Top 10 Faith No More Songs
A career as eclectic and risk-taking as Faith No More’s cannot easily be summed up in just ten songs. After all, you’d be hard pressed to find another band that’s experimented with, and indiscriminately combined, a more expansive and unpredictable variety of musical styles throughout their career, and still enjoyed mainstream success. So we will follow the same course as we dig into the Top 10 Faith No More Songs.
This fabulous, dumbfounding track from 1992’s multi-platinum ‘Angel Dust,’ seems as good a place as any to start our countdown of Top 10 Faith No More Songs. While some songs on the album, like ‘Midlife Crisis’ or ‘Everything’s Ruined,’ played things a little too safe by their standards, the provocatively homoerotic ‘Be Aggressive’ led the charge for weirder tracks like ‘Malpractice’ and ‘Crack Hitler.’
Faith No More’s independently released first album was recorded on a shoestring budget and went virtually unnoticed by the world at large. But it still featured a handful of tracks worthy (and indicative) of the brilliant, genre-bending music still to come. Our pick of the bunch is the cryptic ‘As the Worm Turns,’ which contrasts then-singer Chuck Mosley’s dissonant shouts against a classically inspired synthesizer melody from Roddy Bottum, over an early sighting of FNM’s trademark rhythmic foundation.
Skipping forward a dozen years we come to Faith No More’s final studio effort, the cleverly named ‘Album of the Year.’ By this time, the group’s wilder creative impulses were oftentimes concealed behind increasingly mature and subtle arrangements. However, longtime fans could still discern the beautifully inventive songwriting “edges” (not to mention ever-thoughtful lyrics) lying just beneath the coat of polish applied to stellar songs like ‘Mouth to Mouth,’ and our pick, ‘Last Cup of Sorrow.’
'Land of Sunshine' is one of the more conventional songs from ‘Angel Dust.’ But of all the singles released from Faith No More’s bestselling LP, we feel this opening track best captures the improbable confluence of catchy hooks and exotic songwriting that FNM's unique cast of musical characters seemed to mesh better than anyone in the business.
In our opinion, no song captured the sheer power of Faith No More more explicitly than this oddly named instrumental that wraps up the vinyl version of their watershed third LP, ‘The Real Thing.’ By flying without a vocal by Mike Patton, this remarkable song uniquely revealed the lunacy of their divergent influences — Jim Martin’s thrash guitar, Roddy Bottum’s classical synths, Billy Gould’s slap-bass, and Mike Bordin’s drum barrage — miraculously cooperating with each other.
We see no reason for our list of the Top 10 Faith No More Songs to shy away from the band’s stranger musical impulses, so we dive headlong into the one and only ‘Cuckoo for Caca.’ A notable standout from the spectacularly rich ‘King for a Day’ LP, this peerless mutation of metallic fury and hymnal organ topped with head-scratching lyric obliqueness achieves a dadaist catharsis rarely seen in rock and roll circles outside of Frank Zappa or Captain Beefheart.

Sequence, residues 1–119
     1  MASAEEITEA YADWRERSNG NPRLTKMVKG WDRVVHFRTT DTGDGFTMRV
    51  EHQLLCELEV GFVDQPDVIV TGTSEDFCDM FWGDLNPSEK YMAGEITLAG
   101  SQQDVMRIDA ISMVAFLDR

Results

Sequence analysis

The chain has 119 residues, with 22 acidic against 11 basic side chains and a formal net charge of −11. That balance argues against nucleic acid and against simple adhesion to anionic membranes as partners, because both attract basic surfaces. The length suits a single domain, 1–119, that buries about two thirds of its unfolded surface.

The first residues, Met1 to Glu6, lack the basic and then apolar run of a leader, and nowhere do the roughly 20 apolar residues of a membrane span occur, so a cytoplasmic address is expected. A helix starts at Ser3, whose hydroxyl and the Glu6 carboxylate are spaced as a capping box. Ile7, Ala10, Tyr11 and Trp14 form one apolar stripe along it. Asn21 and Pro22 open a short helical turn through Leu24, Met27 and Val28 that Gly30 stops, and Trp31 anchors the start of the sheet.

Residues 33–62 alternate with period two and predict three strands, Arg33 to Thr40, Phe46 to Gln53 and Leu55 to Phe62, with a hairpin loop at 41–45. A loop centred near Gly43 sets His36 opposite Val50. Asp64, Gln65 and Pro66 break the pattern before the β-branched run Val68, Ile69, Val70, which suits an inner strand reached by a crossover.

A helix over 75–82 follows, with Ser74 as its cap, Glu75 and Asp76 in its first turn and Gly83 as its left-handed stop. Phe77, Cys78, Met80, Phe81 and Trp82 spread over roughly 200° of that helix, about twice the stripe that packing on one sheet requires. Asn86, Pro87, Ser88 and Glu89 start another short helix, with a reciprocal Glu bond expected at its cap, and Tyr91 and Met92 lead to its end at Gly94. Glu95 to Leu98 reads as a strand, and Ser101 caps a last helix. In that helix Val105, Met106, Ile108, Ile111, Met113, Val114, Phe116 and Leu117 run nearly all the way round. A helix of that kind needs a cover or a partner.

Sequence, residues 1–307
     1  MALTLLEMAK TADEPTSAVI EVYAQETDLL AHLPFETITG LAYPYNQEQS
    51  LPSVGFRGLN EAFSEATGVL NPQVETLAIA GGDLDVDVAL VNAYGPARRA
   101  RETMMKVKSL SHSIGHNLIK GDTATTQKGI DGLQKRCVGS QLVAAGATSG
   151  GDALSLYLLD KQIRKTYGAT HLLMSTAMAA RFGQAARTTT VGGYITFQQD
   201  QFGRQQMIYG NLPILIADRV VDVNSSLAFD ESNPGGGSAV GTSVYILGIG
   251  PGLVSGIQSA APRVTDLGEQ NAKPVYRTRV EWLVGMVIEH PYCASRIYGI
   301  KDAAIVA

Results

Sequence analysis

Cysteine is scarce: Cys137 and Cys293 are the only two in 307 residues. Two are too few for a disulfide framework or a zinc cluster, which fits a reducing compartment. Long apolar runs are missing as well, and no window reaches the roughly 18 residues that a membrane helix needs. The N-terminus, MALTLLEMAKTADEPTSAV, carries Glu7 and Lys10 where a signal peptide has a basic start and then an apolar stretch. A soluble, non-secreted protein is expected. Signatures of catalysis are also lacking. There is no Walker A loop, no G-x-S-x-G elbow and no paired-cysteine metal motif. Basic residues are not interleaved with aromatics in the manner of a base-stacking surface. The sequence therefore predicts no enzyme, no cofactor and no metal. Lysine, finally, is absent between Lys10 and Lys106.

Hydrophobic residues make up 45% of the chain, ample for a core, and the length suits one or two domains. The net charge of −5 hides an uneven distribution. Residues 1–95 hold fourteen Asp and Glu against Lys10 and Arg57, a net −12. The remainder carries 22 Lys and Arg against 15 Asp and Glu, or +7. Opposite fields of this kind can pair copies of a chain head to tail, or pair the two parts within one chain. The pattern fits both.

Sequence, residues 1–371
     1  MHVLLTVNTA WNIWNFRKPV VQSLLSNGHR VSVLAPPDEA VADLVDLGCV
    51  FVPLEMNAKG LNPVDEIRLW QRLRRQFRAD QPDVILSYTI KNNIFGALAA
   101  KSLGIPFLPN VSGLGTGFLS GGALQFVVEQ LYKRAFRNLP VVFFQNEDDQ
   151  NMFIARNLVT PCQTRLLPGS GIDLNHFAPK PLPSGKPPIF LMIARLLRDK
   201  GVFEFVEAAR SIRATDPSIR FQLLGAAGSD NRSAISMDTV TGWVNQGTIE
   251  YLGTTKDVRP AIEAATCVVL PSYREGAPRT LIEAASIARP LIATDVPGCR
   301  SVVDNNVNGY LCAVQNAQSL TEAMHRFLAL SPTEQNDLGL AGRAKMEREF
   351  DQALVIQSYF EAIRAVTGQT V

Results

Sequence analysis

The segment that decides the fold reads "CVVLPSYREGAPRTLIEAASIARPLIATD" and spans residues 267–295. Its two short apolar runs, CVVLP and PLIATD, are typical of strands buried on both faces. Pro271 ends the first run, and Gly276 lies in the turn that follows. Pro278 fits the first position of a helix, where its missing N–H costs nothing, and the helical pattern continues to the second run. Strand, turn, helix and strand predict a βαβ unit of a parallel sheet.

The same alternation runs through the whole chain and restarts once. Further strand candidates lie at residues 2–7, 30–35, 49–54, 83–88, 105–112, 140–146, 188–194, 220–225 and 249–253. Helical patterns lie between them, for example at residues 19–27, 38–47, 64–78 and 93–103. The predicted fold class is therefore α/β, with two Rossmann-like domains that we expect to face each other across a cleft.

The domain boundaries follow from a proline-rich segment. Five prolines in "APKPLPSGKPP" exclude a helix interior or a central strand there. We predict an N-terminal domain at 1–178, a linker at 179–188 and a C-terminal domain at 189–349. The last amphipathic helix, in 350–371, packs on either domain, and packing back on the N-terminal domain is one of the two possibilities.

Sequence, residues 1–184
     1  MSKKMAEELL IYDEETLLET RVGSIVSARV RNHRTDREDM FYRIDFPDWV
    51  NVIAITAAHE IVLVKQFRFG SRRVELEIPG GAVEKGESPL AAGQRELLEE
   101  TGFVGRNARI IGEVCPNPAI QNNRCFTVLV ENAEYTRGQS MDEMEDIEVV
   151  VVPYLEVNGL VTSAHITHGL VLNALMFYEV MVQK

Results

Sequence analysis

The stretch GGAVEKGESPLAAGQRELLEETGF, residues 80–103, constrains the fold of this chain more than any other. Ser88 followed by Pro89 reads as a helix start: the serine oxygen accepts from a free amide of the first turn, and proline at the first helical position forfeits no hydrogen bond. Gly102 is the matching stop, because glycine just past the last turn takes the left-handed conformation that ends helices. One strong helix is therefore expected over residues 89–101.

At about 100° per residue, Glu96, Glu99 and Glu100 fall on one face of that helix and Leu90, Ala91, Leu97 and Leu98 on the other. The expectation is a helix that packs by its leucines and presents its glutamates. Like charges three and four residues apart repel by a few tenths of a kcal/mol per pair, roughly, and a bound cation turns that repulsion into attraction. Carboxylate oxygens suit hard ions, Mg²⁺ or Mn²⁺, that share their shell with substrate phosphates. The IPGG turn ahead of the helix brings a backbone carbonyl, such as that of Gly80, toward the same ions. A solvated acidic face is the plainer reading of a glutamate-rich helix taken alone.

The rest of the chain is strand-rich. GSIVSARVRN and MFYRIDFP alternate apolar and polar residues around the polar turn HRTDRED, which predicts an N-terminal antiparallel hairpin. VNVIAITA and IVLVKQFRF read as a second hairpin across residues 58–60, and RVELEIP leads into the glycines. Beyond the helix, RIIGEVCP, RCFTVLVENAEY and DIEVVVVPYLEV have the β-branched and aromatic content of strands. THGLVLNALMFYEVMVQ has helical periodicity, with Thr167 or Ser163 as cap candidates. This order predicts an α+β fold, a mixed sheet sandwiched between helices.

At the opposite end of ‘Cuckoo for Caca'’s primal scream lies ‘King for a Day’s’ beautifully self-composed title track -- as revealing a study of Faith No More’s far-ranging musical contrasts as any we could think of to showcase here. With much credit going to Mr. Bungle guitar wizard Trey Spruance (who co-wrote this song before leaving FNM after this lone session), ‘King for a Day’ relies on an unusually calm and linear acoustic guitar strum over which the band can interpolate periodic metallic outbursts and Mike Patton can explore the scope of his many voices.
Patton’s predecessor as frontman, Chuck Mosley, had a highly unconventional, unruly, almost conversational tone that was something of an acquired taste. But it could produce absolute magic when his fellow bandmates crafted songs to suit his strengths. The best example of that is ‘We Care a Lot,’ which received its definitive recording the second time around, for their sophomore LP ‘Introduce Yourself,’ and then remained a mainstay of their live set throughout Patton’s tenure.
You were probably expecting us to save their signature tune for the No. 1 spot on or list of the Top 10 Faith No More Songs, but we simply didn’t think it was representative enough of the band’s broad songwriting capacities. Still, their breakthrough hit, which received a massive boost from MTV in the winter and spring of 1990, showed enough of their quirkiness to act as a springboard for those wishing to explore their more adventurous side.
So we’ll wrap up our list with the truly “epic” title track of Faith No More’s album, ‘The Real Thing,’ which finds the band moving back and forth between quiet restraint and full-on attack mode in a head-spinning display of soft/heavy dynamics. Just as remarkable are Patton’s lyrics, which depict vivid images of transcendence that, at first, suggest a deadly dance with heroin, but in fact refer to an all-out spiritual awakening.